CHARLES SCHROEDER Editor

Paulie Hartwig III recently broke a racing record set over a decade ago by NASCAR superstar Chase Elliott.

On August 2, the boy from Galloway Township became the youngest race winner in history at North Wilkesboro Speedway in North Carolina.

And by doing so at age 11, he left Elliott’s record in the dust. Elliott, 26, a second-generation NASCAR star who won the 2020 Cup Series championship, was 14 when he won at North Wilkesboro for the first time.

Racing in Crate Modifieds against riders two, three and four times his age, Paulie set the record on a Tuesday night. The next night? He went there and won again.

“It’s really nice to break Chase Elliott’s record,” Paulie said last week.

The victory was stunning, even for her parents, Paul and Lisa, and she got a lot of attention online. The report by a Greensboro television station, including an interview with Paulie, has been viewed more than 68,000 times on YouTube.

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“I loved racing with these guys,” Paulie said of his big run in North Carolina. “They give me a lot of respect. … After the race, they said congratulations to me.

Paul Hartwig said it was “the biggest race of the year you could win with our type of cars”.

Lisa Hartwig said they got to North Wilkesboro with “no expectations because we knew who we were up against,” mentioning some established and, of course, much older drivers.

Work your way up

It all started quite young: a 3-year-old child going go-karts in the Lakewood family garden with the guidance of a father who had learned to race at 11 and still does.

“I started late,” joked Paul Hartwig.

At age 4, Paulie competed in his first two races in Pennsylvania. He won both.

Over the years, he progressed in the world of racing. He won two national quarter-midget titles, as well as regional, track and field and slingshot titles. The eldest Hartwig estimates that his son has won over 150 victories.

“When he was 7, it just clicked like 100%,” said Paul Hartwig.

In 2020, Paulie won a national title for Tobias’ Junior Slingshots, commonly referred to as that circuit’s World Series. He raced on asphalt and dirt tracks. He has driven 4-cylinder cars and, for the past year and a half, modified cars.

The racing season for the Hartwigs begins in April or May and keeps them busy for months. Paulie raced primarily in Pennsylvania, but also in Virginia, Delaware and North Carolina. One place he hasn’t raced is New Jersey, where he is several years away from being old enough.

This year, Paulie has won five races and finished about 15 in the top five, his father said. And he’s not driving against other 11-year-olds. His opponents are usually between 18 and 65 years old.

“They actually have a lot of respect for him because he rides them like a veteran,” his father said. “He had to earn it.”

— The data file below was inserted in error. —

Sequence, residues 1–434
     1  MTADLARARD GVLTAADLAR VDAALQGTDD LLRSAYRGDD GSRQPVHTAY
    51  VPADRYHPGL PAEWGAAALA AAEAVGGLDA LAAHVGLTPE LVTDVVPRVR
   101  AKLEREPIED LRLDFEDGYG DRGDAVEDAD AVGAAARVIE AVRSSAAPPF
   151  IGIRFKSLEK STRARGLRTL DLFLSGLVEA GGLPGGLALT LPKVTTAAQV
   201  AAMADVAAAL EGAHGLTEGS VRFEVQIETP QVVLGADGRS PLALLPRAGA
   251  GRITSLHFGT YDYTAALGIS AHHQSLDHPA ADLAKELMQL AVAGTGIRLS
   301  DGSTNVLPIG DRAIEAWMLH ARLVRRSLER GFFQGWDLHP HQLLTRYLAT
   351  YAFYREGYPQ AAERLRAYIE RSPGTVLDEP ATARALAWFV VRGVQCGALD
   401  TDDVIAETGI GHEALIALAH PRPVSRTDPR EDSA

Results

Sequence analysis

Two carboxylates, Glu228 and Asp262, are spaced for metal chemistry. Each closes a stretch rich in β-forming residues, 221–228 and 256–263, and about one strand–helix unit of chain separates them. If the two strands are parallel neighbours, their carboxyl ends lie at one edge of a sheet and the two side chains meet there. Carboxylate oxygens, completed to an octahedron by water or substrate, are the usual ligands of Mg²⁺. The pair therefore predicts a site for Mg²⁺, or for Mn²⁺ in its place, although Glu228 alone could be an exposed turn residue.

Sometimes father and son may even participate in the same race. “We’ve raced here and there together when funds allow us both to race,” said Paul Hartwig.

And when the funds don’t? “He always gets the first crack. He is always the first,” the father said.

Paulie knows it too. “He always wants to focus on me,” he said.

Best of all, though, is when father and son race in the same race, as they did this month in Pennsylvania.

“He finished second and I finished fourth. I love running with him,” Paulie said.

In for the long haul

The list of accomplishments is long for an 11-year-old, or a 40-year-old, for that matter. But at or near the top of the list: those two races he won at North Wilkesboro Speedway, a former NASCAR circuit that was closed for years and only came back to life this month. Dale Earnhardt Jr. watched from the infield this opening night, and the retired NASCAR star is scheduled to race there Wednesday night.

Paulie speaks like the veteran racer he is when explaining his strategy – saving his tires for races, not using them all in the preliminaries, keeping the car in one piece so the fun can continue in the next race . “We don’t have to set the world on fire,” he explained. “We just want to race every weekend.”

He is a fan of Martin Truex Jr., the 2017 NASCAR Cup Series champion who grew up in southern Ocean County. But Cup races are not his long-term goal. He likes modified races.

“It’s really important for me to do something in life. To keep myself busy and working on cars every week,” he said. “I want to go until about age 40, riding the (modified) Whelan tours.”

Lisa Hartwig watches her boy, so much younger than the other drivers, zip around the tracks at 100 mph. “It’s a mixed emotion. It’s pretty crazy, but we wouldn’t have it any other way,” she said. “It’s what we live and breathe. We love racing.

Paul Hartwig said he thought his son was safer on the modified models than the previous types he had flown. More roll bars, better and safer equipment.

Paulie will be entering sixth grade at Arthur Rann Elementary School. Racing dominates his young life – he’s big on iRacing when he’s not on the track – but he also plays basketball in a local recreational league. And only gets A’s and B’s in school, her parents said.

“He’s an 11-year-old at heart. Messing around, joking around. But when he gets in that race car, he’s like a 35-year-old. Totally serious,” Paul Hartwig said.

“He’s a good boy in school,” Lisa Hartwig said. “He is careful, he is very polite. We always get good feedback from teachers when we hold parent-teacher meetings. »

The only concern they sometimes hear from the school is about Paulie’s race-related absences, his parents said.

No school in the summer, however, Paulie and his parents focused on their racing adventures.

After Paulie won the first night in North Wilkesboro, his mother let him know he didn’t need to race the next night.

“He was like, ‘Mom, I’m going 2 for 2.’ I was like, ‘Oh, my God.’

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